In case you’re wondering, I can pinpoint for you the centre of the universe. For those who wish to know precisely, it is atop a hill just off the main road in Brig Bay, Nfld. — just past the branch where you turn left and, because the ravages of time and change have spared no one, veer right instead of pulling into a steep parking lot on your left (’cause you’re continuing on up the incline toward Bird Cove Hill).
It is from this lesser hill, where you would no longer stop for commerce, the Co-op store presided for many a year, drawing good people unto itself for the dispensation of the necessities of life, sometimes described in terms of nourishment or shelter not connected in any way to terms of purchase. Some climbed the stairs to conduct business, yes, or just to hang out, but you were just as likely on winter nights to trip over hockey players recovering from a beating and frostbite, or a newsbearer winding up in gusts of urgency to rival the whipping wind those Orrs and Espositos were hiding from.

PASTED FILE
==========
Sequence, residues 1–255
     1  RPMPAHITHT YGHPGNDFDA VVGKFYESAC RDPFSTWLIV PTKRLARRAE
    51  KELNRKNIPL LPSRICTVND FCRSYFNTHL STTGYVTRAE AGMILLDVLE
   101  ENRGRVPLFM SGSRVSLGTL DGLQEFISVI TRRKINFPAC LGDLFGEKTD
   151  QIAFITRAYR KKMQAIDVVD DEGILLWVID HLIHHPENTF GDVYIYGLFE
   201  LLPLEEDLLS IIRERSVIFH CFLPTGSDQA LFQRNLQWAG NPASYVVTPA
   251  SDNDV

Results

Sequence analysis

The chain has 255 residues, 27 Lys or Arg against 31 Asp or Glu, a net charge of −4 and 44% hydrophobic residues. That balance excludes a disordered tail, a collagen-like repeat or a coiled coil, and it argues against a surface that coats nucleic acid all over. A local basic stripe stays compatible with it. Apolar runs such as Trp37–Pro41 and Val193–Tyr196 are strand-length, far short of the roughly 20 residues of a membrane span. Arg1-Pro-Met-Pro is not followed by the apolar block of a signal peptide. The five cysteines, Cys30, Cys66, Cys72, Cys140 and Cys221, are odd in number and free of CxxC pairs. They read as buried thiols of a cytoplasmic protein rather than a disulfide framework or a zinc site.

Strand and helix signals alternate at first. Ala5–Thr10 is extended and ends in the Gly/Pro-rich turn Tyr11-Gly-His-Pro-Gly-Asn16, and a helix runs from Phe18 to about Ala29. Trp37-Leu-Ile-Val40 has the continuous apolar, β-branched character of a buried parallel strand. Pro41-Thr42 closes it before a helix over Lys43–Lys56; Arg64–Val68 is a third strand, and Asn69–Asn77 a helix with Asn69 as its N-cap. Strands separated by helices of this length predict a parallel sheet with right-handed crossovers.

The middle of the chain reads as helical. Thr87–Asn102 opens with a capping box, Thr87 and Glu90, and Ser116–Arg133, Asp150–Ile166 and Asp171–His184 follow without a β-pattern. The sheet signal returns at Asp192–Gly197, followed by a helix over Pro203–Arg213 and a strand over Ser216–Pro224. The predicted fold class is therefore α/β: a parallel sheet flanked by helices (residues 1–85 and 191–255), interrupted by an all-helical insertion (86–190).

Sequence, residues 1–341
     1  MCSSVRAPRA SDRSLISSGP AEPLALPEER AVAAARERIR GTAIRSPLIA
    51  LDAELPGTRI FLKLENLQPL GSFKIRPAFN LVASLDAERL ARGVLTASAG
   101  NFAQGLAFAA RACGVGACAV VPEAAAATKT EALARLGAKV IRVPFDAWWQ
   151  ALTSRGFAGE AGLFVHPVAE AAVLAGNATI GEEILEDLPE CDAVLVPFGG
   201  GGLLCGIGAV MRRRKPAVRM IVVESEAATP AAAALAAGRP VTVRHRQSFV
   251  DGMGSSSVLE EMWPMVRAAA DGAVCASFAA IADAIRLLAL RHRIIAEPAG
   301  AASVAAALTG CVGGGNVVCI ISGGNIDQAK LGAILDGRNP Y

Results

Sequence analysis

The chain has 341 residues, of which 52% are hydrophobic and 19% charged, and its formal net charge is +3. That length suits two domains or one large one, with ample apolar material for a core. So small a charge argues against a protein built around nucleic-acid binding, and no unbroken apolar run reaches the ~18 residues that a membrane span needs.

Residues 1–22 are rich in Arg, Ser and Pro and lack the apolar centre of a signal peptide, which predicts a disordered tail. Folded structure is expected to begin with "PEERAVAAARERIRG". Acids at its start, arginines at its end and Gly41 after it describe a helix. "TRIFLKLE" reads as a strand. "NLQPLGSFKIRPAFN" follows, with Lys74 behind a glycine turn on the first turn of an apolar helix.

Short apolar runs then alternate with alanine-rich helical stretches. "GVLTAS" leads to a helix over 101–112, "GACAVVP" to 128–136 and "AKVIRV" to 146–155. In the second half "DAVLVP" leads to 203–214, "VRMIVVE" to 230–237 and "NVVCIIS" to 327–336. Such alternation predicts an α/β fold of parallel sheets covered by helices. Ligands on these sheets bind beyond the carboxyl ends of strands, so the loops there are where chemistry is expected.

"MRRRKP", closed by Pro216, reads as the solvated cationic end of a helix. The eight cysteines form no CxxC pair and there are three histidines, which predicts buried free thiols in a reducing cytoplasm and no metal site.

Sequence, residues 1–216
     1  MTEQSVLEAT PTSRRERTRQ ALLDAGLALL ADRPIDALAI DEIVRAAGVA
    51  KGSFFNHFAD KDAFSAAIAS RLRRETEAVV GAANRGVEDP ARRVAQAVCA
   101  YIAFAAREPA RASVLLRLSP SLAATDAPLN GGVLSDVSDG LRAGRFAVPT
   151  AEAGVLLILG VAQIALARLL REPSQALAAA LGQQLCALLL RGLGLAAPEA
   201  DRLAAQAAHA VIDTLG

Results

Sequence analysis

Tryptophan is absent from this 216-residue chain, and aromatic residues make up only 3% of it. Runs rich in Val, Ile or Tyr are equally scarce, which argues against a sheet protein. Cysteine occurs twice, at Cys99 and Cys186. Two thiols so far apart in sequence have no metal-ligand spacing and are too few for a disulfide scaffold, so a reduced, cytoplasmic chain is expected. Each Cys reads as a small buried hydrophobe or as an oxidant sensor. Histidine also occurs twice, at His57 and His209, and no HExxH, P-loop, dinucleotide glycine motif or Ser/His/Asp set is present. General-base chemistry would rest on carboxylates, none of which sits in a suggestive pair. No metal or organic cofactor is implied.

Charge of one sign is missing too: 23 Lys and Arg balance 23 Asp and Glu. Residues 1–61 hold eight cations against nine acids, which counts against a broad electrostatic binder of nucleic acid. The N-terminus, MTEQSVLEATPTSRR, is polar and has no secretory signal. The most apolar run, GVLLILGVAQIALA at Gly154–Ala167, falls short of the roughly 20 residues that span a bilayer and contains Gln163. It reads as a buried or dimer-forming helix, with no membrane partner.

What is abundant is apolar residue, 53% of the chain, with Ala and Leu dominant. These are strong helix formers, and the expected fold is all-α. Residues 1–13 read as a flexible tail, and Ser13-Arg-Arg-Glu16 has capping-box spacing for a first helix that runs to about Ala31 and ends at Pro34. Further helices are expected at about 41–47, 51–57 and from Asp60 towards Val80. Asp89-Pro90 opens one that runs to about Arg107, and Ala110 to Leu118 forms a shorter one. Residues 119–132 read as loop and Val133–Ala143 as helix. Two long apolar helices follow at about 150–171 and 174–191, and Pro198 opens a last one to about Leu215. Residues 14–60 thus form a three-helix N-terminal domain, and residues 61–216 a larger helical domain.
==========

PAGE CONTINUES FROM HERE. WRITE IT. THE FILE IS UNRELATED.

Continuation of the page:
I have been a newsman most of my life. This fascination with the news and its components — not to mention the warring sides of every issue — didn’t start with the Humber Log, The Western Star, The Gander Beacon or the Northern Pen, or any of the mainland newsrooms I would later land in, for that matter. These early ones were just finishing schools, where I honed my skills and figured out the craft. The real insight had come from watching and listening, while waiting to be tended on at the Co-op store. Continue reading